To the left of the display is a menu button to access the items you can change from filter to brightness as well as other functions. To be honest though, I used the remote 95% of the time, since the unit may be left on “standby” with the main toggle switch left on. A rotating knob is to the left, which controls the input, but again…
Just to the right of the on/off toggle you have a clock button and another Opt/Coax in, which makes easy access to your portable sources that have the ability to run optical. As stated earlier many units have the cross-connectivity options that the Teac does, but these are laid out logically and with the thought of ease in use. I would finish this by saying I wish the lettering surrounding the front items were a brighter white as they fade almost completely away in less than optimal light. Again, the remote takes care of this as it is silver with black lettering and easier to see on these tired old eyes.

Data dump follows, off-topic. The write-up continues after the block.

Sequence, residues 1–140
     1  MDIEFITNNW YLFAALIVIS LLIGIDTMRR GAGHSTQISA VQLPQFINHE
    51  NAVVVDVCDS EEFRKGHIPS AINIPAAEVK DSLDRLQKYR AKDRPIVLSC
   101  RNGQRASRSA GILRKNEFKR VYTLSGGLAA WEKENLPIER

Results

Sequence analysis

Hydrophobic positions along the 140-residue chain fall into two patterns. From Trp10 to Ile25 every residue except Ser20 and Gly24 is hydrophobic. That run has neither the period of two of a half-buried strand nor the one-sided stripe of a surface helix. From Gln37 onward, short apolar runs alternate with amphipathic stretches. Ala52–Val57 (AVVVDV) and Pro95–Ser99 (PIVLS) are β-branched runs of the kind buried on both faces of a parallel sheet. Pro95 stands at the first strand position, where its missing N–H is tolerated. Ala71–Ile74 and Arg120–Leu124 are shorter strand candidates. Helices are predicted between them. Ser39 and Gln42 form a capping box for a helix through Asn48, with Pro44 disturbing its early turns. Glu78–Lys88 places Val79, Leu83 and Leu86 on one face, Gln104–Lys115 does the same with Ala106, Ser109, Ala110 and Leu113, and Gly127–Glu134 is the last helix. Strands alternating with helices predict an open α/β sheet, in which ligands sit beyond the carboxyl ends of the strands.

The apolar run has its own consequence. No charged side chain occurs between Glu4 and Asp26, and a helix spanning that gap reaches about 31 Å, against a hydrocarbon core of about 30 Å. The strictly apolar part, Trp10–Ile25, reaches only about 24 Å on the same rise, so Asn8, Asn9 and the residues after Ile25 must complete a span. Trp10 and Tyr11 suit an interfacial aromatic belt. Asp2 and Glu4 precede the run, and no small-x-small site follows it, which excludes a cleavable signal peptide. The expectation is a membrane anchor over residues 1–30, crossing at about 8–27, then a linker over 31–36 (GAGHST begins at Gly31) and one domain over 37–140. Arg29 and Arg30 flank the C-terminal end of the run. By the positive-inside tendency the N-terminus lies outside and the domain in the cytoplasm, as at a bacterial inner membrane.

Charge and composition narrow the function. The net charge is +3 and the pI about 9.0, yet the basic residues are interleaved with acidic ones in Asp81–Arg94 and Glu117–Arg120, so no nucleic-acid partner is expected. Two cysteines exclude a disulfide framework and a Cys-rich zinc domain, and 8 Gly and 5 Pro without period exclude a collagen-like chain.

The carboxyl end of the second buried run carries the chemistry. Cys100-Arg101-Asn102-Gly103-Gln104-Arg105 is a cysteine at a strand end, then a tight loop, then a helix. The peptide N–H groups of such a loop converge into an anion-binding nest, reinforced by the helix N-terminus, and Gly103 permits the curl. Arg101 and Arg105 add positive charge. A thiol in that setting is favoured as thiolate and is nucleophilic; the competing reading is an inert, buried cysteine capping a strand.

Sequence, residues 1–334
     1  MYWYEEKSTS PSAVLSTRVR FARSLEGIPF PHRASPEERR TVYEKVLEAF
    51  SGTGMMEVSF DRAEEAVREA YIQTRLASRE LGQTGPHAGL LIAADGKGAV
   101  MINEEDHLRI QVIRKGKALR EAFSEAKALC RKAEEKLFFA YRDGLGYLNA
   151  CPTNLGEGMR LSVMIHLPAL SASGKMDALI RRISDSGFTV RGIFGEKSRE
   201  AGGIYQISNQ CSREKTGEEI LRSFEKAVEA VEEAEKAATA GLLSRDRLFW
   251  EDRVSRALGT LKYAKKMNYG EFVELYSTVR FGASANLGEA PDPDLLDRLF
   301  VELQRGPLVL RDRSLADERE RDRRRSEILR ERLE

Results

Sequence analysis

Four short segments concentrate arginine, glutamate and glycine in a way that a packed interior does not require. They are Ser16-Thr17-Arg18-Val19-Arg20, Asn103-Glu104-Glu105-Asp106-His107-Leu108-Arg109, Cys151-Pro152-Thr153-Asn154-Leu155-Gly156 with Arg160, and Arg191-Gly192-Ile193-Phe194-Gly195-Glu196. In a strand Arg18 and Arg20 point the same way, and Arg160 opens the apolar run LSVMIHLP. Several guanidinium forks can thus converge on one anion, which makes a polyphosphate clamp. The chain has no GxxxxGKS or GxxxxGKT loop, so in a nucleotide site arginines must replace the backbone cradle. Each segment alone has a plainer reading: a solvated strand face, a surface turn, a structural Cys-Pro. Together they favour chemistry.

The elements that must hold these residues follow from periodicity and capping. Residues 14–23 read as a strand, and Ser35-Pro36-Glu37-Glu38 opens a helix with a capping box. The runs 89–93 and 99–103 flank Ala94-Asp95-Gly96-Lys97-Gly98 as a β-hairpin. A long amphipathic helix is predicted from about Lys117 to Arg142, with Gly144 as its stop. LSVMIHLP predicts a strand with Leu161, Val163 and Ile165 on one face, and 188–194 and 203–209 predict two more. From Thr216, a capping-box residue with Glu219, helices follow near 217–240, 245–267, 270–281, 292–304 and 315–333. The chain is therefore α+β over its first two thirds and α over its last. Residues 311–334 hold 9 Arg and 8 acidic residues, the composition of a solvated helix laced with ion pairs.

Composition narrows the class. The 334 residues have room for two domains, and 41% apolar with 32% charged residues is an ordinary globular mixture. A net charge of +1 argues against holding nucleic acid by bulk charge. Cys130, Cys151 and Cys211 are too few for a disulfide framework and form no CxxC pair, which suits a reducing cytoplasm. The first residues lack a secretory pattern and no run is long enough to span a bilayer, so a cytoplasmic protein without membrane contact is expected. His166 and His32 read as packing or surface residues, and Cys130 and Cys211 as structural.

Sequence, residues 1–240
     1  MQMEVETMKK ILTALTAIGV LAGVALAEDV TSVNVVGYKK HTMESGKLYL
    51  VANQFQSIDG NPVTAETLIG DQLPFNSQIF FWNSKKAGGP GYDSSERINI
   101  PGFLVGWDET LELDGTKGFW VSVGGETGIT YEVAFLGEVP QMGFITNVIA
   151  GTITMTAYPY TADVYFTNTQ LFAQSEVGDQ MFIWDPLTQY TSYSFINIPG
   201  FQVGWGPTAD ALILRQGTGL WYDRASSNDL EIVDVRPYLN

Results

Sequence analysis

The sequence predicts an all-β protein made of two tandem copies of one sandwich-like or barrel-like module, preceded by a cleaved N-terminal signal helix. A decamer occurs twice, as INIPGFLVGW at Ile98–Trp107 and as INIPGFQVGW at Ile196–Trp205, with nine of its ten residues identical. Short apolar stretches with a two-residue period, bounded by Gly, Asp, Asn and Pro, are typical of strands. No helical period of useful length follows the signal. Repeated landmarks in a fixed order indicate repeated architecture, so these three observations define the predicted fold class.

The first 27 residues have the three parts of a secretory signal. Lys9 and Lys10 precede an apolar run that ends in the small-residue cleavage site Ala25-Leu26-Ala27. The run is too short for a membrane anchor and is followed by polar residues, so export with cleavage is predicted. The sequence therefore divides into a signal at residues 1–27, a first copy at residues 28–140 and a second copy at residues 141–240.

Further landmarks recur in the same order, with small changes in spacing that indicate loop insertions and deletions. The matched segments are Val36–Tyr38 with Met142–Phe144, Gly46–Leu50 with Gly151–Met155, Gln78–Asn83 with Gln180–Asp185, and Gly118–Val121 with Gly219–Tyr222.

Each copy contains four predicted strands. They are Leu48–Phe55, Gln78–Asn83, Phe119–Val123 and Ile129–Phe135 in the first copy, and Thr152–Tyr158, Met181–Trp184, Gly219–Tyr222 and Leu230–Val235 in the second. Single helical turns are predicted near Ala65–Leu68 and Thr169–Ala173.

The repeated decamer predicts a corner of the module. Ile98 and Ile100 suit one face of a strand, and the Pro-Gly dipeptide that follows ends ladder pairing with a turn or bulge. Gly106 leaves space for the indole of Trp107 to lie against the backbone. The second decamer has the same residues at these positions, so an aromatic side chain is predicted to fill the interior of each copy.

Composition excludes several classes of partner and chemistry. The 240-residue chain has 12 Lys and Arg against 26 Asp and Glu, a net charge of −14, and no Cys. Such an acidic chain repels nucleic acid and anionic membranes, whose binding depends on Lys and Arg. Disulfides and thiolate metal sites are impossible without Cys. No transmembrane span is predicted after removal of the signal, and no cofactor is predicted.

On the back you have the connectivity options, which are numerous. You can run XLR/balanced as well as RCA-analog LO on the left, which is also where the RCA in connections are. Laid out functionally and with the thought that these will be your stouter cables, so kept away from the more “fragile” connections such as digital/coax/USB. To access the dual on-board clocks for 44.1kHz and 48kHz frequencies, there is a 10MHz external clock input, “over with the digital inputs as well.
The Teac promotes itself as thoroughly competent in connectivity and functionality and to me it does not disappoint. Throw is Bluetooth as well and you can easily hook your Smartphone or DAP for quick access to your Tidal or Spotify lists.
As expected, a good DAC/amp should come with filter options as well. The Teac does not disappoint.
PCM digital filters
Sharp Roll Off: FIR filter with a steep roll-off that sharply cuts signals outside the audio band